Do you want true freedom?
With the many restrictions imposed by modern life, especially in busy cities, it may take moving out into the wilderness in order to find true peace of mind.
Getting there is the hard part, as most of us are completely intertwined with life on the grid – connected to friends, family and employment and dependent on the food, energy and services made available.
It’s worth keeping mind that all these busy, on-grid problems, while important at the time, are ultimately unimportant.
It is all an illusion. And this man once again proves it by cutting all ties with his former life in the city, and cutting free, away from debt, away from codes and regulations and into the desolation of West Texas.
“Everything is so simple here. I was busting my ass seven days a week just to pay all the bills for all the stuff I had. Now it’s paired down to one room; got a huge yard with all this land; you can’t see another house from my property, which is a big plus. There’s no – well, there’s very little stress out here. The only time I get stressed out here is when there’s a big storm, because the storms are scary out here in the desert.”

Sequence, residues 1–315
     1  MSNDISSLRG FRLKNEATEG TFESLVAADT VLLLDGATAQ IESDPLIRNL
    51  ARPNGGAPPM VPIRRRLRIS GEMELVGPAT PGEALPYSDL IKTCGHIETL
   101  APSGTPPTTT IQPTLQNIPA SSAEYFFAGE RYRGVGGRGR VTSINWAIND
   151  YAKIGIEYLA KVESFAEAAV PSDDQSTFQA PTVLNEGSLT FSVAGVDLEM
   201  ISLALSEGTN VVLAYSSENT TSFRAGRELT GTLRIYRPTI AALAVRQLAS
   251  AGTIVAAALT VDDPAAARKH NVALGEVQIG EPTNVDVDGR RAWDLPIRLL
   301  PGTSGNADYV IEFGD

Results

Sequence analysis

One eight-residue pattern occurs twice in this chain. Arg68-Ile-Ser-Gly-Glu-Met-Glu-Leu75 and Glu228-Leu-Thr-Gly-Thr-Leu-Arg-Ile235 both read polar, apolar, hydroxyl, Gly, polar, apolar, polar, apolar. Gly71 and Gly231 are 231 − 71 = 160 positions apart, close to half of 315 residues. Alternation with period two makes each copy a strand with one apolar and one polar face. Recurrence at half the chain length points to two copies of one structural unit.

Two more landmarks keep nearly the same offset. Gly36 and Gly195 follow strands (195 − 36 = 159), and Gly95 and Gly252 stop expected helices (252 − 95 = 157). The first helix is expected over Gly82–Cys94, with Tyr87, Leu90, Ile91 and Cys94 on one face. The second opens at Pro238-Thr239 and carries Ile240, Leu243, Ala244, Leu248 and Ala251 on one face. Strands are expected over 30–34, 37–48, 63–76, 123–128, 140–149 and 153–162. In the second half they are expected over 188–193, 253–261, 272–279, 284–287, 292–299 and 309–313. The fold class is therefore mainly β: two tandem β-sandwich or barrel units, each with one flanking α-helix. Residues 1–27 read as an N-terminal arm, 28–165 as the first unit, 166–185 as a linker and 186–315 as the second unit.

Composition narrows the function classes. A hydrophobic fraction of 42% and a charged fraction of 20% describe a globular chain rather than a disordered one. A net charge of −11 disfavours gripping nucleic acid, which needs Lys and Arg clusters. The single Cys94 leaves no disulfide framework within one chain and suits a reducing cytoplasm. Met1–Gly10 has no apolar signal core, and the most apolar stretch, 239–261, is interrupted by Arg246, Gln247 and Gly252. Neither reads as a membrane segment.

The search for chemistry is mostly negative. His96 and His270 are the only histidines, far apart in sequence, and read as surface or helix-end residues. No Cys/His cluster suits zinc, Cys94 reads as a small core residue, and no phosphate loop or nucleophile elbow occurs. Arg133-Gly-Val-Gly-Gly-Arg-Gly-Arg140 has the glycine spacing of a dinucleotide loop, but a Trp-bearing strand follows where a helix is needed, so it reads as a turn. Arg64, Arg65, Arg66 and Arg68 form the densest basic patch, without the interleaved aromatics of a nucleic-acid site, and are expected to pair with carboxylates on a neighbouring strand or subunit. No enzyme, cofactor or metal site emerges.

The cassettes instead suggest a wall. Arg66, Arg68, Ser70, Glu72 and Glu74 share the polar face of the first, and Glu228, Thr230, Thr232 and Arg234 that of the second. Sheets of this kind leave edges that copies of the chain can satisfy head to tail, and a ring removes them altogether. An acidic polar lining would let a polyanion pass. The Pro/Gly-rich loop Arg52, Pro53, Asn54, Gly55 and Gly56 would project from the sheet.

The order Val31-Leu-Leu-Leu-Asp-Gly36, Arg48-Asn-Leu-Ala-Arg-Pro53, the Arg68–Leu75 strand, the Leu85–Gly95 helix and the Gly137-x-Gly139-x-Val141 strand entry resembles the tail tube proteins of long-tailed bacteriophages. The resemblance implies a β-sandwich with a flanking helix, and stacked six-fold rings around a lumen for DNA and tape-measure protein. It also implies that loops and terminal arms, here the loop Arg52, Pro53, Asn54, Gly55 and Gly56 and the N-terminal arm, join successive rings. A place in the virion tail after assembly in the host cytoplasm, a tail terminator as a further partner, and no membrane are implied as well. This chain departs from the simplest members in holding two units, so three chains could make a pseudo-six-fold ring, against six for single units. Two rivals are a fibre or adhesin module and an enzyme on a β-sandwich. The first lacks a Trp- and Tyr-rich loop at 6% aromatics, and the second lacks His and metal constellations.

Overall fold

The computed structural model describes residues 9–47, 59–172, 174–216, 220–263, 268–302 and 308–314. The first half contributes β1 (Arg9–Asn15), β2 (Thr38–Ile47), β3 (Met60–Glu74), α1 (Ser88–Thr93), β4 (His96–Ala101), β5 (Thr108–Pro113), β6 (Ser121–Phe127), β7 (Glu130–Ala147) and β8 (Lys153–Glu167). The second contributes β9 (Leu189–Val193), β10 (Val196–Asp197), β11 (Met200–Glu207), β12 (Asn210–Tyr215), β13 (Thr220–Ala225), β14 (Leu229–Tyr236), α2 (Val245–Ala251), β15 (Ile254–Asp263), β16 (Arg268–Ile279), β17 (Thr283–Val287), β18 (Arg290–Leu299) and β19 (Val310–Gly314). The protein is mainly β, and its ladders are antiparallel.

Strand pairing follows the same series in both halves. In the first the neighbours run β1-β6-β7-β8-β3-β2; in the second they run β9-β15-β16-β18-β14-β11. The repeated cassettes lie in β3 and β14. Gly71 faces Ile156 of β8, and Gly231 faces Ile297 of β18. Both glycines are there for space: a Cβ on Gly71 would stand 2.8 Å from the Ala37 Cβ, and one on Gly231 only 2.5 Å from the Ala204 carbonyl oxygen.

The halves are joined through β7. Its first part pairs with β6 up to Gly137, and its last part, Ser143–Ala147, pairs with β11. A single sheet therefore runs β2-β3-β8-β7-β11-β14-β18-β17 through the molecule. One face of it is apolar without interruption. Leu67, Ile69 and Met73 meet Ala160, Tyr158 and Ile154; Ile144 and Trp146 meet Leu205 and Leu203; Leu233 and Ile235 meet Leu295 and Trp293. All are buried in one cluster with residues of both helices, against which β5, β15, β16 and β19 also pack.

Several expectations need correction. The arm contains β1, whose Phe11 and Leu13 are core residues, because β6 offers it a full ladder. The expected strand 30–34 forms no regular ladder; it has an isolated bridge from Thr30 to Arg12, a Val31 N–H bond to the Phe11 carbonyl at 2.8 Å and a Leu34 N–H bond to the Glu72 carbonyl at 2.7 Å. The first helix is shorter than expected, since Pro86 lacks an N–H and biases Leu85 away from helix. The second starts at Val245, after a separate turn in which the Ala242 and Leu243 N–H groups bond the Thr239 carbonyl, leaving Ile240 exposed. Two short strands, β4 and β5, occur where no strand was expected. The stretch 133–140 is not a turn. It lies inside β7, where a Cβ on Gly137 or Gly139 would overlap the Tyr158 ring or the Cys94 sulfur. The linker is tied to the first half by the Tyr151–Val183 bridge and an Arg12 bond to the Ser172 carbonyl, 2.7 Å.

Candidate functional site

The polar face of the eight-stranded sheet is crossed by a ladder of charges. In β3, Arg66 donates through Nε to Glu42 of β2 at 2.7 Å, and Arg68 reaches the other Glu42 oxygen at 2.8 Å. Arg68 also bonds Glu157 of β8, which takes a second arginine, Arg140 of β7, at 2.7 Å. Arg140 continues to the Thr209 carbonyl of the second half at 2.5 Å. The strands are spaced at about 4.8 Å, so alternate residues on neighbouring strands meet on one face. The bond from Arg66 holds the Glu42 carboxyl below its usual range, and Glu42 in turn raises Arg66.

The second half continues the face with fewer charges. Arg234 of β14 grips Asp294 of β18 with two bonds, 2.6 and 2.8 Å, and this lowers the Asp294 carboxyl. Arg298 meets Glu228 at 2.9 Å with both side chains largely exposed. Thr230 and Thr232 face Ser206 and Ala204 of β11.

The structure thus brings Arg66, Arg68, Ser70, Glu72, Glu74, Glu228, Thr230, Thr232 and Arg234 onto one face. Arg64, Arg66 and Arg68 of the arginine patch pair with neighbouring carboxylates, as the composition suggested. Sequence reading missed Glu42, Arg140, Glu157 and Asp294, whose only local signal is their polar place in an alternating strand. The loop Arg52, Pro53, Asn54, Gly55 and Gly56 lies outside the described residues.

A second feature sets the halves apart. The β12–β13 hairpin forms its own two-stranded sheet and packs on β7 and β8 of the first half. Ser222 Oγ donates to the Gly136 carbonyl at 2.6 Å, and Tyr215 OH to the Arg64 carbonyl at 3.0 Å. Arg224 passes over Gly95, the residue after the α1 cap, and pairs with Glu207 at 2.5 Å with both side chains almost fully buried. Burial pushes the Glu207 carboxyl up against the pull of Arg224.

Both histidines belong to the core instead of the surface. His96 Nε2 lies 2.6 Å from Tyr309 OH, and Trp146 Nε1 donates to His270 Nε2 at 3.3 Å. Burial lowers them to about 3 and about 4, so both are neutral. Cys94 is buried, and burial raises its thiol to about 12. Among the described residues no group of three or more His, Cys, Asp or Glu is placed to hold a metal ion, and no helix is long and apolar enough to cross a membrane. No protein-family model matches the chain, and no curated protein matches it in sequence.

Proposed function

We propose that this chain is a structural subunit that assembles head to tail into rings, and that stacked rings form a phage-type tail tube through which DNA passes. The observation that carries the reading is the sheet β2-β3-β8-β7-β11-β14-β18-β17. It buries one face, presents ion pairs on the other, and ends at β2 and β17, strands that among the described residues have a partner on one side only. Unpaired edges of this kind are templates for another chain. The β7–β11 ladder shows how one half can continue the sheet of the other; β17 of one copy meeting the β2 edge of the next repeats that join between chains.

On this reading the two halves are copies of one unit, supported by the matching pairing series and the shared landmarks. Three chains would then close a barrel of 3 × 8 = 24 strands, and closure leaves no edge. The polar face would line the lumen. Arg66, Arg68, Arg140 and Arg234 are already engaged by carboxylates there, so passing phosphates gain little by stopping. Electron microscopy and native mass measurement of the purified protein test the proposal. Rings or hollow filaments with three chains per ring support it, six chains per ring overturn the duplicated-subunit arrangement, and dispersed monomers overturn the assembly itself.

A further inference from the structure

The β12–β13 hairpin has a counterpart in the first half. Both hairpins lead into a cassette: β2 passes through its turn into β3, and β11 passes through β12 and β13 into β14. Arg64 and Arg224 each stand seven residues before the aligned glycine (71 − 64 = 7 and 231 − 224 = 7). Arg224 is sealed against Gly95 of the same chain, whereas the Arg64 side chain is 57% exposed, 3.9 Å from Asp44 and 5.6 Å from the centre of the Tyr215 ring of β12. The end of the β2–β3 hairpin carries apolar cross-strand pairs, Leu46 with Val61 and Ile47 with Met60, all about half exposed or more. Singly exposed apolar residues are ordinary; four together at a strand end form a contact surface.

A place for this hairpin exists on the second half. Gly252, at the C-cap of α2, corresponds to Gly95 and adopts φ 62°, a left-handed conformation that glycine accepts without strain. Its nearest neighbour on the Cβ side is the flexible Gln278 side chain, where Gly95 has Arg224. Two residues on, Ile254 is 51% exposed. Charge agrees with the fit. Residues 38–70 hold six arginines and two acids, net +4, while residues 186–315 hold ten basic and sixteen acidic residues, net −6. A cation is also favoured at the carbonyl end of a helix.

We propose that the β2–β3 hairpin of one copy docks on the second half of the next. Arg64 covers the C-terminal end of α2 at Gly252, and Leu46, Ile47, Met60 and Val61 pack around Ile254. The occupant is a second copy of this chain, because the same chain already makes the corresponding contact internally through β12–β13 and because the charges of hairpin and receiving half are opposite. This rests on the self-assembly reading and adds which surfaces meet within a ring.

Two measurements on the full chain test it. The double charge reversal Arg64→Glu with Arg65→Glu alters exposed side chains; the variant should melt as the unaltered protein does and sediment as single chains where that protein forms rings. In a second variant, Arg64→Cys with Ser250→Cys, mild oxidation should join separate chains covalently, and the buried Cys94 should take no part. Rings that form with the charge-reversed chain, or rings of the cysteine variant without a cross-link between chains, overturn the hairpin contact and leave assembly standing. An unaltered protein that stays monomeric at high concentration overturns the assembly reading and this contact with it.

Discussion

Though there is plenty of beauty in this huge Western expanse, but there is little in the way of resources for growing food, establishing water or building shelter, among other comforts. Stores and even cell service is often quite sparse.
But the cheap land and the very real sense of being left alone by various petty authorities does offer something that is hard to come by.
For pennies on the dollar, he built his own tiny home, off-grid solar and water systems, and other necessities to get by… and actually be free.
Check it out:
According to Kirsten Dirksen on YouTube:
Seven years ago John Wells sold his heavily-mortgaged home in upstate New York and bought 40 acres in West Texas for $8000. The area (Brewster County) is so isolated there are no codes or zoning restrictions so Wells built his own tiny home (in 9 days with $1600) relying on his set-building experience.
Not wanting to rely on outside labor, Wells has continued to build his own services: a solar shower, a basic composting toilet, a bike-powered washing machine, an Airstream guest house, and a huge greenhouse which also houses 4 shipping containers he hopes to convert to housing/office space.
Wells named his homestead (now 40 acres, he bought a second 20 acres for $500) the Field Lab (short for “Southwest Texas Alternative Energy and Sustainable Living Field Laboratory”) and he likes to experiment with off-grid solutions: one of his latest is a more-powerful solar oven.